Al-Obeidi has maintained that she was targeted by troops because she is from the city of Benghazi, the de facto capital of the opposition which took control of the eastern half of the country shortly after the uprising against Gaddafi began in February.
In the east, she has been held up as a hero and a symbol of the brutality of Gaddafi's regime. Women in Benghazi have marched through the city carrying her picture, while local papers have provided emotionally charged coverage of her story.
One eastern paper ran a front-page story about a man who offered to marry al-Obeidi and dispatched a group of friends and relatives to discuss the matter with her parents in the eastern city of Tobruk.
Libyan government spokesperson Moussa Ibrahim has confirmed that al-Obeidi was a rape victim but alleged she was a prostitute with a criminal record of petty crime and indecency, allegations al-Obeidi firmly denies. She said she was a graduate student in law before the assault.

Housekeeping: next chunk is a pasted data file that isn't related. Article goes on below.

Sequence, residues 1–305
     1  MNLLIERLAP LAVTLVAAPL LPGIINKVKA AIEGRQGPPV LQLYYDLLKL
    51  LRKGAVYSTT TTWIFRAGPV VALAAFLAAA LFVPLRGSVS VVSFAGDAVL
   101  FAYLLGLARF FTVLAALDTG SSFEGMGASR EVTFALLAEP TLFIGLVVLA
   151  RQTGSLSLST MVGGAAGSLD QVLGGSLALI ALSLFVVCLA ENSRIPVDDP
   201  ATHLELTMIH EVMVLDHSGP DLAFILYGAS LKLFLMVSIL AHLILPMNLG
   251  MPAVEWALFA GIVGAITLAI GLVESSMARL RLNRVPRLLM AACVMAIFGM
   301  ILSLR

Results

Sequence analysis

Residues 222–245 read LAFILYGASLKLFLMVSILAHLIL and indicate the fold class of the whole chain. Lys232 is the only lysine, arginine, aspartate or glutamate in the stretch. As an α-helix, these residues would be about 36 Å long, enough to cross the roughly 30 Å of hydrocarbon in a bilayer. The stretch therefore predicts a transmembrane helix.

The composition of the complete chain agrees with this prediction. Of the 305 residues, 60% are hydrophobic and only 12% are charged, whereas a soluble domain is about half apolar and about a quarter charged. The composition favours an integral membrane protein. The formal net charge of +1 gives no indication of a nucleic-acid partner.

There was no way to independently verify al-Obeidi's account as journalists' movements in Tripoli and what they can see and report are tightly restricted by the regime. Government officials could not be reached immediately for comment on her latest account.
In a time when dissent is being crushed in the capital, it remains unclear why al-Obeidi was released from jail after embarrassing the regime in front of the world's media. Foreign journalists, who have succeeded before in evading the Libyan government minders, were able to reach her home with no interference in a sign that it may not be tightly monitored or officials are not trying to prevent reporters from talking to her.